Association of Autism Spectrum Disorders and Inflammatory Bowel Disease
Autism spectrum disorders (ASD) and inflammatory bowel disease (IBD) both have multifactorial pathogenesis with an increasing number of studies demonstrating gut-brain associations. We aim to examine the association between ASD and IBD using strict classification criteria for IBD. We conducted a retrospective case-cohort study using records from the Military Health System database with IBD defined as having one encounter with an ICD-9-CM diagnostic code for IBD and at least one outpatient prescription dispensed for a medication to treat IBD. Children with ASD were more likely to meet criteria for Crohn’s disease (CD) and Ulcerative colitis (UC) compared to controls. This higher prevalence of CD and UC in children with ASD compared to controls confirms the association of ASD with IBD.
KeywordsAutism spectrum disorders (ASD) Crohn’s disease (CD) Ulcerative colitis (UC) Inflammatory bowel disease (IBD)
We would like to thank Kathleen Madden, Virginia Randall, and Kirk Jensen for providing assistance with reviewing and editing this manuscript. This study was completed with support from the Congressional Directed Medical Research Programs, Autism Research Award: W81XWH-12-2-0066. This project has been presented as a poster format at DDW (Digestive Disease Week) conference in Chicago, IL on May 9, 2017.
ML, JK, AS, and CMN developed study concept. ML, GHG, EHG, CREL, and CMN established study design. ML performed literature review and prepared the draft with guidance from CMN. JK and AS processed the data with analysis of data by JK and acquisition of data by AS. ML, CS, and CMN interpreted the data. All authors contributed intellectually critical revisions of the manuscript. All authors reviewed the final manuscript and gave approval for publication.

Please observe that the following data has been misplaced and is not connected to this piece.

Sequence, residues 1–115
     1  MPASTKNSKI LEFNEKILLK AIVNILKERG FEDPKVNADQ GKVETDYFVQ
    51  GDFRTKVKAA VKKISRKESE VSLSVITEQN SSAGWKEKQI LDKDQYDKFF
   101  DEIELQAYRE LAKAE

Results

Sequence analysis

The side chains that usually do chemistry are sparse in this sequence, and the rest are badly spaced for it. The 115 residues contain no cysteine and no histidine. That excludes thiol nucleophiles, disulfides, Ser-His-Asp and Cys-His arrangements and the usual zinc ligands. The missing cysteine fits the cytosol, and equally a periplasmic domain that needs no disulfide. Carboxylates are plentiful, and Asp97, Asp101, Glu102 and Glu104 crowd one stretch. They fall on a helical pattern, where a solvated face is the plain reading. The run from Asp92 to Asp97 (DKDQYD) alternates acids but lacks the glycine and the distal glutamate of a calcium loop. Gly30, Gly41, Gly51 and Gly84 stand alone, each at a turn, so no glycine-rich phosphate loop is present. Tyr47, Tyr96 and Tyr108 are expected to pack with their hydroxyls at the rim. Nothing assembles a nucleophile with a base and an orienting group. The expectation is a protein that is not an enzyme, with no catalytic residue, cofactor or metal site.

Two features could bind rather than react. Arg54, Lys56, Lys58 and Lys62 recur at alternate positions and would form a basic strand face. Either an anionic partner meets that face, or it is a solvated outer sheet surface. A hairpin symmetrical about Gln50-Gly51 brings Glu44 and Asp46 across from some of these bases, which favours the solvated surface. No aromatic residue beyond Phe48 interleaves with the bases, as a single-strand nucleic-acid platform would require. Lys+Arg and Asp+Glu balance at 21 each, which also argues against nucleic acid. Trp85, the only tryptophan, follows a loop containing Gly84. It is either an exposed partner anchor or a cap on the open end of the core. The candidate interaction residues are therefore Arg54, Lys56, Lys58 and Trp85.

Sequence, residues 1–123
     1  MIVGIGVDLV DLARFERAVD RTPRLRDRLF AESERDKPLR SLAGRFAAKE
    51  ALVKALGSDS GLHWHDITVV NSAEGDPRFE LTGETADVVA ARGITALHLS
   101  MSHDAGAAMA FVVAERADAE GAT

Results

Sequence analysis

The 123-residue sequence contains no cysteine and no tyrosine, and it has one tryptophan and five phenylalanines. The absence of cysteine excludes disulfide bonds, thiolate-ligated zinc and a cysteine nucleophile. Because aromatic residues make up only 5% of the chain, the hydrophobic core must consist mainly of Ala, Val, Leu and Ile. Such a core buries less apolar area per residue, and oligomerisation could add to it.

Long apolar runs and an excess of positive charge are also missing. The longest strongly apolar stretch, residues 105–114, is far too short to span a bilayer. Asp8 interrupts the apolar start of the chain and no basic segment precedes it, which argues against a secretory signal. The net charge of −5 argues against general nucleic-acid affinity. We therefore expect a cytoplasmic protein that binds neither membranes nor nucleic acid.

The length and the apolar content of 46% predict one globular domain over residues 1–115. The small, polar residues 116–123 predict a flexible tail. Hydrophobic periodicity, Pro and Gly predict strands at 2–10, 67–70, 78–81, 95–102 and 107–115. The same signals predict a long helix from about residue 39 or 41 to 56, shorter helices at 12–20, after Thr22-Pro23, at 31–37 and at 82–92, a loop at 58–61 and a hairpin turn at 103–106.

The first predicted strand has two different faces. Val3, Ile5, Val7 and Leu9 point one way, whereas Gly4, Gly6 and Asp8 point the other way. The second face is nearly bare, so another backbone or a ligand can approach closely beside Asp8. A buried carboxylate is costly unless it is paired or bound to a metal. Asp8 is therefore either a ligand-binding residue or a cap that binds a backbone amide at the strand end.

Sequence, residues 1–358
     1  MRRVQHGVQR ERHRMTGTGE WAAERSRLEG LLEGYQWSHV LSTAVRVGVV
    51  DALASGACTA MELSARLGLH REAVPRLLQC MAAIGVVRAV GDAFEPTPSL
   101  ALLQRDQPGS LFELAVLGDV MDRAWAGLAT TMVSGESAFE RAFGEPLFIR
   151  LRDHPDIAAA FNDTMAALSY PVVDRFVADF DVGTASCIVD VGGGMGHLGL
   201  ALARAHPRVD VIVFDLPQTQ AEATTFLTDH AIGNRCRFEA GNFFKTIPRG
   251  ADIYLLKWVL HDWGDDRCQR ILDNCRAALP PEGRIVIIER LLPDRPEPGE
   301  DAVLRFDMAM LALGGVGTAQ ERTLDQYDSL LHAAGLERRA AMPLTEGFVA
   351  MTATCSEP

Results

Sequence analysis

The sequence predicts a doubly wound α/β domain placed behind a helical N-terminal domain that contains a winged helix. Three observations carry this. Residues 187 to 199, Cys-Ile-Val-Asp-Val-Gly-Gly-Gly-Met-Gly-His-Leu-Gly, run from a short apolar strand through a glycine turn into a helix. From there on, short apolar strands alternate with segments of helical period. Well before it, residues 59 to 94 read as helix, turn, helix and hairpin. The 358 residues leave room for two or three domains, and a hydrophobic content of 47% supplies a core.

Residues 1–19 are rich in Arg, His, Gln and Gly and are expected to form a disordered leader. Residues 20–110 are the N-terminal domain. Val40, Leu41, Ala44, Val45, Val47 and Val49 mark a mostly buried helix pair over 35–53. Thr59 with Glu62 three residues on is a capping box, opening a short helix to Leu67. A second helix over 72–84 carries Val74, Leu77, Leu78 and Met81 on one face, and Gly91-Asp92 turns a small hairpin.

The views expressed in this article are those of the authors and do not necessarily reflect the official policy or position of the Departments of the Air Force, Army, Navy, the Department of Defense, or the U.S. Government. Several of the authors are military service members or U.S. Government employees. This work was prepared as part of their official duties under Title 17 U.S.C. 101, which defines a United States Government work as a “work prepared by a military service member or employee of the United States Government as part of that person’s official duties.” Title 17 U.S.C. 105 provides that “Copyright protection under this title is not available for any work of the United States Government.”
Compliance with Ethical Standards
Conflict of interest
Other than the funding from the Congressional Directed Medical Research Programs, Autism Research Award: W81XWH-12-2-0066, all authors denied any conflicts of interest.
The study was reviewed and approved by the Uniformed Services University Institutional Review Board.
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